I have to admit I've never been a great fan of Corvo, partly because he reminds me of a friend (now ex-friend) from my own past, another Catholic fantasist who left a trail of wreckage behind him wherever he went. But I've always been fascinated by the circle of his posthumous admirers who made it their business to collect every piece of information about him and every last scrap of writing from his pen. Weeks was the last of the great Corvo collectors, a line that runs in a kind of apostolic succession back to A.J.A. Symons in the 1920s and even further back to figures like R.M. Dawkins and Harry Pirie-Gordon who had known Corvo personally. In that sense, yesterday's party was a mildly historic occasion, at least for archive geeks like me, as it marked the end of the line, the moment when the last significant block of Corvo manuscripts moved out of private hands and into a permanent institutional home. It had to happen, of course, but there is something slightly sad about it, as when some rare and exotic animal disappears from the wild and survives only in captivity. Today the world seems just a little bit duller.
posted by verstegan at 2:12 PM on August 6, 2009 [11 favorites]


duh, Michael Dirda.
posted by ijsbrand at 2:12 PM on August 6, 2009


Read the quest years ago and liked it, but this is the first time I've seen the subject's picture.

Not at all what I imagined. But then, who is?

By the way, it appears that his own photography has been collected and published.
posted by IndigoJones at 4:53 PM on August 6, 2009


I read Hadrian the Seventh a couple of years ago, and found it great entertainment in the vein of Confederacy of Dunces until about a third of the way through when I realized the author was in no way – or in no way familiar to me – being ironic. It was still entertaining after that, but in a different, check-out-how-crazy-this-guy-is kind of a way.
Even so I didn't believe that I was somehow more aware of the depth of wild cloistered Catholic heresy-fantasy present in that novel than its author.
posted by $0up at 8:50 PM on August 6, 2009


Might be worth noting that Andy Warhol did the cover for The Desire and Pursuit of the Whole when New Directions published it - although that's long out of print.

It's still on my pile of books-to-read, but Don Renato: An Ideal Content is kind of insane: in the back, it includes a glossary in the back for the macaronic language that Rolfe invented for his narrator use in the book, some of which are common English words & some of which are Rolfe's own construction - in the C's, for example, we have "cachinnate", verb, to laugh loudly; "cadaver", subst., dead body; "caesarial", adj., dark-haired, i.e., beautiful according to the Roman taste; "calid", adj., hot, rash, fiery; "callid", adj., shrewd, skillful. Derivations from the Latin are also provided. There's an online version of this book (and cheap print-on-demand versions clearly made from the same source), but it's a bad botch, missing a few hundred pages in the middle.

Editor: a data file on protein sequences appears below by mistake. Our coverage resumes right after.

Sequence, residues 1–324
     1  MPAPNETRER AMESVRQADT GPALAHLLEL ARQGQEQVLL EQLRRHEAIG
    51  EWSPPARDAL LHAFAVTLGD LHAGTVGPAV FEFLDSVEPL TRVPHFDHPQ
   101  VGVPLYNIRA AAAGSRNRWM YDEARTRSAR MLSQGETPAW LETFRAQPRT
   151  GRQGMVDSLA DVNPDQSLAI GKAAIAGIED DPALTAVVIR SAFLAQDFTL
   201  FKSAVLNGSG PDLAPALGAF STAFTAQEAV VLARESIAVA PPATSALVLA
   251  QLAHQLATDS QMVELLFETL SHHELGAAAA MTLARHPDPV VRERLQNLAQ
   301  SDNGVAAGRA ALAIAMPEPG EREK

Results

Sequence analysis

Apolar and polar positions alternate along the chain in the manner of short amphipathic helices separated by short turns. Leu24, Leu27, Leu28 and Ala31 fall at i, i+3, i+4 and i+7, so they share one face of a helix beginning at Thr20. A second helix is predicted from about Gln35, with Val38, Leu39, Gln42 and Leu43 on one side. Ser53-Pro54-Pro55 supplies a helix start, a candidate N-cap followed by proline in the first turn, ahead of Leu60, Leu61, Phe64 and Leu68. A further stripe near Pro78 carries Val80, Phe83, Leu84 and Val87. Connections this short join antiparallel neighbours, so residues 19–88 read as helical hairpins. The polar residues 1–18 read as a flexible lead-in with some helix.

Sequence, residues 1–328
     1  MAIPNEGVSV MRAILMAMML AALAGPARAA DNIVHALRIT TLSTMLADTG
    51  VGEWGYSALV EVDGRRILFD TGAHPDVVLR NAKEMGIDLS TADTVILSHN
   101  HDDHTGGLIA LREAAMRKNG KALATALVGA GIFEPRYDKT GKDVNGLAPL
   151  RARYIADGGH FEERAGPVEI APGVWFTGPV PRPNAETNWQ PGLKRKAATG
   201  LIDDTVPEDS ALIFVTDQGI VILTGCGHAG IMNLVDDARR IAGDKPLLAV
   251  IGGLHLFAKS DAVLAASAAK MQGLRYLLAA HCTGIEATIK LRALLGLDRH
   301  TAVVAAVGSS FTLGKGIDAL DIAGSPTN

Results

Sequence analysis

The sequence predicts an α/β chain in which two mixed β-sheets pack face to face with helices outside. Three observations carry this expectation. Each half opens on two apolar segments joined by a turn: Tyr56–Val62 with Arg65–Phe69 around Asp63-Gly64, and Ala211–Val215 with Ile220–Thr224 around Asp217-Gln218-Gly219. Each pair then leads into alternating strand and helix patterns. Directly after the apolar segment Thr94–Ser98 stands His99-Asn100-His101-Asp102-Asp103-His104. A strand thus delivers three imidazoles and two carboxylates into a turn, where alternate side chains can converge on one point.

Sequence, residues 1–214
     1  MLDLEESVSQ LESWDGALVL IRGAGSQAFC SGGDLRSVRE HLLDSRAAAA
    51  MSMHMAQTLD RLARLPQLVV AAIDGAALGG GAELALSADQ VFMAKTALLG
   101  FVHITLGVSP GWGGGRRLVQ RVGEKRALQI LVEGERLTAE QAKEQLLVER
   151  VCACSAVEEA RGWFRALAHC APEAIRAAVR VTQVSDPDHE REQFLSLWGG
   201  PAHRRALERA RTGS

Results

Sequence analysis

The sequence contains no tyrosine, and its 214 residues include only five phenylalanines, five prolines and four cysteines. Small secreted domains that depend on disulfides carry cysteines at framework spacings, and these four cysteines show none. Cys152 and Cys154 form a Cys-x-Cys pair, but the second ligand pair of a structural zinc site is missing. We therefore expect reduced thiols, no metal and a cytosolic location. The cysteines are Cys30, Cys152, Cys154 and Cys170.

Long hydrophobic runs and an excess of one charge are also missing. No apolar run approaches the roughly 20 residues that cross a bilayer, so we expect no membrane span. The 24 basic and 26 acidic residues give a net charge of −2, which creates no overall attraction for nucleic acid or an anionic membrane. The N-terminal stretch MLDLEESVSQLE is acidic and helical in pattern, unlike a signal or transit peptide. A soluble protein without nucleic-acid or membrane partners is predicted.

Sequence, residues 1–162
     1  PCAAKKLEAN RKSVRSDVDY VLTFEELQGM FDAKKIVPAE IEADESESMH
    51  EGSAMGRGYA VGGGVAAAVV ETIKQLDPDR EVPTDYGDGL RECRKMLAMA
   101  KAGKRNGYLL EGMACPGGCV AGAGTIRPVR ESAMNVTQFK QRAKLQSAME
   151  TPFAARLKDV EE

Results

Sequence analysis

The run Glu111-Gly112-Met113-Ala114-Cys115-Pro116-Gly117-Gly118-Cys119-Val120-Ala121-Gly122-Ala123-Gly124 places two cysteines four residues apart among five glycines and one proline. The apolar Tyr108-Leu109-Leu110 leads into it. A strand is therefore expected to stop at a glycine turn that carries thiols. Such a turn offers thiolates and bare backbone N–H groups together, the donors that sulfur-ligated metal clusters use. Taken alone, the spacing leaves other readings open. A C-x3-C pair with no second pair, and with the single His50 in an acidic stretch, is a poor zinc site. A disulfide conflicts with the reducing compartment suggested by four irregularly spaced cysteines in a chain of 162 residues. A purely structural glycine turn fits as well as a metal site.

posted by with hidden noise at 6:30 AM on August 7, 2009


There was just a piece in the Times Literary Supplement about the Weeks collection, but the piece - by James Fergusson in the 29 July 2009 issue - but it doesn't seem to be in their archive, or at least I can't find it.
posted by with hidden noise at 6:41 AM on August 7, 2009


(actually: that piece was very similar to the "Preview" link, so not worth bothering with.)
posted by with hidden noise at 6:43 AM on August 7, 2009


I was peripherally involved with this, and had the great privilege of seeing and handling some of the Weeks collection before its transfer to Leeds. The unsung hero of the story is the book dealer Ed Maggs, of Maggs Bros, who managed to prevent the collection from being broken up. The whole story can't be told here, but it was bookselling at its most creative and public-spirited.

Thanks verstegan. I have to say I am a bit envious!

I went to Maggs Bros (they're in Berkeley Square here in London) and picked up a copy of the Weeks catalog. They printed 100 of them. I was afraid they would have sold all of them by now but it appears they have a few left.
posted by vacapinta at 4:08 AM on August 10, 2009